By Peggy Ployhar


My series on childhood depression continues as we explore the warning lights of helplessness and hopelessness and contrast them with the guiding light of eternal hope. If you would like to reference any of the past articles in this series, you will find links at the bottom.


Warning “H” – Helplessness and Hopelessness


Helplessness can lead to both physical and mental paralysis.  A child feels out of control when in a state of helplessness, and therefore stops moving forward.  In his book Overcoming Depression, Neil Anderson says “Because [individuals] have no control over certain events, they start to believe they are inadequate, incompetent, and powerless.”


Children can develop helplessness either through a major traumatic event or through a series of smaller events leading toward a downward spiral.  Whatever the cause, the process of helping a child move upwards is the same.


For a child who is ready to give up, it is best for a parent to first break up their child’s tasks into smaller and more manageable steps.  Once the steps are determined, then a parent should give lots of encouragement and support as the child works through the process of making those small upward strides.  Celebrating every victory and navigating the balance between pushing too hard and not pushing enough, will eventually help your child start a forward momentum.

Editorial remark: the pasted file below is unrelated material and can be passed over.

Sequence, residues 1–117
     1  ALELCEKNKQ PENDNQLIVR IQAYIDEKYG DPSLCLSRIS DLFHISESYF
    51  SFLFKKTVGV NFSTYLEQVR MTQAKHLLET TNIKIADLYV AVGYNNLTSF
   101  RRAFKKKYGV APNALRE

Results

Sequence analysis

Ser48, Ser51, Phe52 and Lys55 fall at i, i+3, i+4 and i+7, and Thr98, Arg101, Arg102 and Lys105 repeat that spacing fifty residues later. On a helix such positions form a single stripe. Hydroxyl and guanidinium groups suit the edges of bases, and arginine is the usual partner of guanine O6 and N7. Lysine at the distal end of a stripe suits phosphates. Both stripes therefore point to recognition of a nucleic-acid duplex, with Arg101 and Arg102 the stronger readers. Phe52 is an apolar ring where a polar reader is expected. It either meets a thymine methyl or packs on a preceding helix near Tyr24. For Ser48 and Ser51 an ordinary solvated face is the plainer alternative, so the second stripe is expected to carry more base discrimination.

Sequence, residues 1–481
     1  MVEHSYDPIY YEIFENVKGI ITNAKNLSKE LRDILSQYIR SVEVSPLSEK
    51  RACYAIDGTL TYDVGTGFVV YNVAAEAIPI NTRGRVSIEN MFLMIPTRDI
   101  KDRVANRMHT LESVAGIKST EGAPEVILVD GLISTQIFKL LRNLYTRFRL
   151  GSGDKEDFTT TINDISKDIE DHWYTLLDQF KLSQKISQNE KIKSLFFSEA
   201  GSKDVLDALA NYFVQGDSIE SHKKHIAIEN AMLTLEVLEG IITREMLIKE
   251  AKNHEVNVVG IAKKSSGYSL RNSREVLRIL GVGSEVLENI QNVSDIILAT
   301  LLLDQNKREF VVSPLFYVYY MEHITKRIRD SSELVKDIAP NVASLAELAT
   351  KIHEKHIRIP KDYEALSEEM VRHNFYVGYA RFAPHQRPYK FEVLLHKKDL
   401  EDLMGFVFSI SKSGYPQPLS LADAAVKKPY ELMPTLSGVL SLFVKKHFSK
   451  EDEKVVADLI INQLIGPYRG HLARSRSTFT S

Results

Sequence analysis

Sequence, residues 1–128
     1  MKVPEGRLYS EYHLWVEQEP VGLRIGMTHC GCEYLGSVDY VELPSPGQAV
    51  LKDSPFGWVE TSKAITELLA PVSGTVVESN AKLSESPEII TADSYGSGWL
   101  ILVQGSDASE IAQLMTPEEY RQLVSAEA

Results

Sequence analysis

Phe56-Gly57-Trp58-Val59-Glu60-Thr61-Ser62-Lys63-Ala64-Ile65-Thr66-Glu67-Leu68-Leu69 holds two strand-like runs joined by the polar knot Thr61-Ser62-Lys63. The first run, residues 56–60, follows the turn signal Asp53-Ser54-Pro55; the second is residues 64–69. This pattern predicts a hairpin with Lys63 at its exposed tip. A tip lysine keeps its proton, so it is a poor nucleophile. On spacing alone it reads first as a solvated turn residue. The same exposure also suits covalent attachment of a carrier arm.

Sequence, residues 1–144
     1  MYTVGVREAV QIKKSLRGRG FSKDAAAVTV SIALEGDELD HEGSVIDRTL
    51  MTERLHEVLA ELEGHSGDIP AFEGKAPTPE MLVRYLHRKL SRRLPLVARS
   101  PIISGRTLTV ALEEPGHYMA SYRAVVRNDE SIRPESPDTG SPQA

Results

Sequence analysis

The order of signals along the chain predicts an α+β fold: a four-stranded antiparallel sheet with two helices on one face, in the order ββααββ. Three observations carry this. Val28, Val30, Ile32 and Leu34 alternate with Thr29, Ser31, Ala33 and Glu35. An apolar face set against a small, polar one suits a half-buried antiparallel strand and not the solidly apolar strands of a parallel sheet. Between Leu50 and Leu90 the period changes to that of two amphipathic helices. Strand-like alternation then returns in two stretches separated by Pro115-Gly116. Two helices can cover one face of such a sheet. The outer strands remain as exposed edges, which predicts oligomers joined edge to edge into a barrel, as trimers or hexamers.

Hopelessness is basically taking helplessness one step further and proclaiming that life is not worth the effort because change is impossible.  When a child hits this point, an internal shutdown begins.  Children who have sunk this low into their depression often verbalize their hopelessness by saying things like:  Why try”; “It’s no use”; or “I wish I was dead.”


Hopelessness is a changeable state, though the child cannot see that.  A hopeless child does not struggle against what is real.  Instead, this child struggles against a false construct which seems real. In this state, a parent can’t argue a child out of being hopeless.  Instead, it is better to come alongside the child and walk towards incremental change, as described above in the helplessness section, reassuring your child that what life holds around the corner is magnificent and worth the walk.



Guiding “H” – Hope


In his book, Overcoming Depression, Neil Anderson states “Research has revealed a link between brain chemistry and hope.  When hope is restored, depression leaves.”  He also goes on to state “…hope in God is the anchor for our soul and the answer for our depression.”


Finding A Pathway of Hope
But, how can a parent help their child find hope in God, when a child is in a state of helplessness or hopelessness?  The answer dates back to the Old Testament, and a command God often gave the Israelites to keep from taking similar downward spirals.  It’s called placing spiritual markers, which in their times were often altars, pillars, or stones of remembrance.